Hydrogen production via sea water electrolysis

With the eventual exhaustion of conventional fuel resources and the aggravation of environmental damage caused by the use of fuel combustion procedures, the use of hydrogen as an energy source and the development of Hydrogen Energetics is increasingly the major focus of many research laboratories working in the energy sector.

Hydrogen can replace any kind of fuel in any production area, and many experts believe that the use of hydrogen as a source of energy should make it possible to meet the energy requirements of future generations. Hydrogen is an ecologically pure fuel with the greatest heat of combustion. A standard specific enthalpy of hydrogen combustion is equal to 120.9.106 J/kg, and the heating value of hydrogen is several times higher than that of any other comparable type of fuel.

Hydrogen exists in practically inexhaustible reserves and as the combustion of hydrogen produces water, the fuel use of hydrogen is, in fact, a process of water recycling.

Among a great number of procedures being developed for hydrogen production, electrolysis has been widely in use over the previous two decades. Most industrial plants engaged in electrochemical hydrogen production use water solutions containing a strong electrolyte In most cases, salt and alkaline solutions based on pure water.

A highly attractive procedure for electrolytic hydrogen production is to produce hydrogen directly from sea-water, the electrical conductivity of which is due to soluble salts. Sea-water accounts for approximately 97%o of the Earth’s water reserves, and so sea-water electrolysis offers significant advantages against other hydrogen producing technologies, as the water used after production can be –consumed and introduces no additional pollution to the environment.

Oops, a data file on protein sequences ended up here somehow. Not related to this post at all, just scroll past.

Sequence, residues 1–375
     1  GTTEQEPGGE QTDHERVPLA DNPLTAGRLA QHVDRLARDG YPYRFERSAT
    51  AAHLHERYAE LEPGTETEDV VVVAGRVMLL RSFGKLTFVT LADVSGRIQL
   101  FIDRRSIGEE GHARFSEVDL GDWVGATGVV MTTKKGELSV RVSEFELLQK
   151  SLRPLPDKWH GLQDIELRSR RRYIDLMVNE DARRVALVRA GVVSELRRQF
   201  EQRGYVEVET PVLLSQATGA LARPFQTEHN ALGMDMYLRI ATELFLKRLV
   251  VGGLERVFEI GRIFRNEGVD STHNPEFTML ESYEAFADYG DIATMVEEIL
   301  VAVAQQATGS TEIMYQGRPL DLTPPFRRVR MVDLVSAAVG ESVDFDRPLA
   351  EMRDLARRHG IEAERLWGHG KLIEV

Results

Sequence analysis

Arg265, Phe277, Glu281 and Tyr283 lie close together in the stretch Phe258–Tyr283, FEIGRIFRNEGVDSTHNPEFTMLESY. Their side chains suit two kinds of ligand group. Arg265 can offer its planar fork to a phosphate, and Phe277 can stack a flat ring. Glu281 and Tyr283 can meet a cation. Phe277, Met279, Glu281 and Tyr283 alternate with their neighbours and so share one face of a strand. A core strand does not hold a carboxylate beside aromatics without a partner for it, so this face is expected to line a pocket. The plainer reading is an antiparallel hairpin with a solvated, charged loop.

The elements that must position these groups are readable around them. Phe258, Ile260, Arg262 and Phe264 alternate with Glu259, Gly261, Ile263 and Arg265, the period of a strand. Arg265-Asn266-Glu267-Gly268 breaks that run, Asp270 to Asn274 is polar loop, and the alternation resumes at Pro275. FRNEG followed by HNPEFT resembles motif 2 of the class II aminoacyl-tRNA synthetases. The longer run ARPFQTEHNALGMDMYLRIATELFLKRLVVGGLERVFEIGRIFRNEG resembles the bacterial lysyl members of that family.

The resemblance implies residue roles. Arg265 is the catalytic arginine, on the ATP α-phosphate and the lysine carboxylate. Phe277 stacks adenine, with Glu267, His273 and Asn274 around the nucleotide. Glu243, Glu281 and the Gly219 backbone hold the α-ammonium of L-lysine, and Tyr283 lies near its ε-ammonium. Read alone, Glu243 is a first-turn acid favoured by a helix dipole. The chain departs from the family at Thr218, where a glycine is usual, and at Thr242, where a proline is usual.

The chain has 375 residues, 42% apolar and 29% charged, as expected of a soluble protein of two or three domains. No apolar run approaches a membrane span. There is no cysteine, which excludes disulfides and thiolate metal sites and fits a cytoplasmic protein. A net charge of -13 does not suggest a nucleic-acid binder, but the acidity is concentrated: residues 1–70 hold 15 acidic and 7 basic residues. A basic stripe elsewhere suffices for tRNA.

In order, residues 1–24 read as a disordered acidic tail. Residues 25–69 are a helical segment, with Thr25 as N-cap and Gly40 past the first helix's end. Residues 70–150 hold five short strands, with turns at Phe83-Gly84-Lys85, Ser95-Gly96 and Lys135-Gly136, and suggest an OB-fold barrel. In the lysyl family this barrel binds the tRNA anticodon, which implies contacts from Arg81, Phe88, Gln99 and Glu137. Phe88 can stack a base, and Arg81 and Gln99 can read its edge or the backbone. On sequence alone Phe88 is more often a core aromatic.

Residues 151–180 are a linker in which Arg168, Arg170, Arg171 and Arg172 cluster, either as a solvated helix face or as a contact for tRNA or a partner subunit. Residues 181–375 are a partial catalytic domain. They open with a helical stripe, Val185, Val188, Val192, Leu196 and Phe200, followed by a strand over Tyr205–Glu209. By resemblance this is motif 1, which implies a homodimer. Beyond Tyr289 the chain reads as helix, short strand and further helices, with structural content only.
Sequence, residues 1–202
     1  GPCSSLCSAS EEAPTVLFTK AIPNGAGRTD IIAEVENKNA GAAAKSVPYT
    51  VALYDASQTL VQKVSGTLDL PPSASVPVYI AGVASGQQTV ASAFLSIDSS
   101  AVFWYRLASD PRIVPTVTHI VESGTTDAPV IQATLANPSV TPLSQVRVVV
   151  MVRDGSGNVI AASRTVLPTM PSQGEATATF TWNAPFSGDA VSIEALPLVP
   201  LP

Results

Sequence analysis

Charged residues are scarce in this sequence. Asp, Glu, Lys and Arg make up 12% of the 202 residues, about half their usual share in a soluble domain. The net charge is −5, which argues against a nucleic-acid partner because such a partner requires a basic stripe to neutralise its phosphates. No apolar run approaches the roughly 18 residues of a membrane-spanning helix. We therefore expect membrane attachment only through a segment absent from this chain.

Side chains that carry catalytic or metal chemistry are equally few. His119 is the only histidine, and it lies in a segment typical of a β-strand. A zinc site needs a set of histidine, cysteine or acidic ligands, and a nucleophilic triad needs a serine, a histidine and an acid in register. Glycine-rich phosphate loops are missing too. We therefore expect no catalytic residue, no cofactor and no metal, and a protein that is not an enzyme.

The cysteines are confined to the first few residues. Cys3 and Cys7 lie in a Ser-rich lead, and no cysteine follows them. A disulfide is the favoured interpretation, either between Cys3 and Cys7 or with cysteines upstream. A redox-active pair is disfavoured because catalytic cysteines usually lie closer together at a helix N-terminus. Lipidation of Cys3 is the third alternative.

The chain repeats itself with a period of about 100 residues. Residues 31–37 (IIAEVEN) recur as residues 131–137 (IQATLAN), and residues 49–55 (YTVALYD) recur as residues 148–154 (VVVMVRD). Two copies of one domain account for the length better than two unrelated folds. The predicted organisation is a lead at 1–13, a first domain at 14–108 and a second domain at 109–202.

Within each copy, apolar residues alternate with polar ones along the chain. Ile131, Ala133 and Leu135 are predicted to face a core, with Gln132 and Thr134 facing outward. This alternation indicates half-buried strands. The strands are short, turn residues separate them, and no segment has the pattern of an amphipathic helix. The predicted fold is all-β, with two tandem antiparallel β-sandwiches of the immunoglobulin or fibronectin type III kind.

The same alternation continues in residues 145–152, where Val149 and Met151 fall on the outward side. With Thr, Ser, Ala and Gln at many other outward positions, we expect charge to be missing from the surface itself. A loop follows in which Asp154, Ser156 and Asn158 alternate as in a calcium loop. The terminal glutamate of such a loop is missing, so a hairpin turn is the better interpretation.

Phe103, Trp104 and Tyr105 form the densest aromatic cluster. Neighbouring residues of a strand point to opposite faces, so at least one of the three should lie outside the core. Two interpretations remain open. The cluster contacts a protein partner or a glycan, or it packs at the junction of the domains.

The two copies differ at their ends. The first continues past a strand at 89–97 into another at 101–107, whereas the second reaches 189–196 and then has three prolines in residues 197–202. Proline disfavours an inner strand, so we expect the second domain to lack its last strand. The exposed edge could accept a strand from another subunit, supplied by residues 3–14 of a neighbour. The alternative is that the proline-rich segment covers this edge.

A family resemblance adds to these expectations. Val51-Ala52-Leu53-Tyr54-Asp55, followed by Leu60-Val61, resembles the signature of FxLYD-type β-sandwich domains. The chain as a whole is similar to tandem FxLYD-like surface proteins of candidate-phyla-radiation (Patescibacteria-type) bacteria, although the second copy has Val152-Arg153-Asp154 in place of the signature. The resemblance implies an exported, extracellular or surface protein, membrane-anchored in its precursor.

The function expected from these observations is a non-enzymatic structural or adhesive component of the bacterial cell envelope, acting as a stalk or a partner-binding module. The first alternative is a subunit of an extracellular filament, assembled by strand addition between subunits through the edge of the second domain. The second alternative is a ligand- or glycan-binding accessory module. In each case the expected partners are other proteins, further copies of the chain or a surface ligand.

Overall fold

Sea-water electrolysis is basically determined by near-electrode processes, which are intrinsic for the electrolysis of sodium chloride solutions, as sea water has a peculiar chemical composition with a prevalence of NaCl. Thermodynamic and kinetic analysis alongside other preliminary experiments have shown that electrolysis of sea-water is now a perspective method for hydrogen production.
Also, depending on the reaction conditions, it is possible to recover the following target products: hydrogen, oxygen, chlorine, alkali and sodium hypochlorite, drinking water. Sea-water direct electrolysis creates useful by-products, such as alkalis from catholyte and acids from anolyte.

Early theoretical and experimental works have shown that direct sea water electrolysis can be technically performed and is a perspective procedure for commercial production of hydrogen and associate products.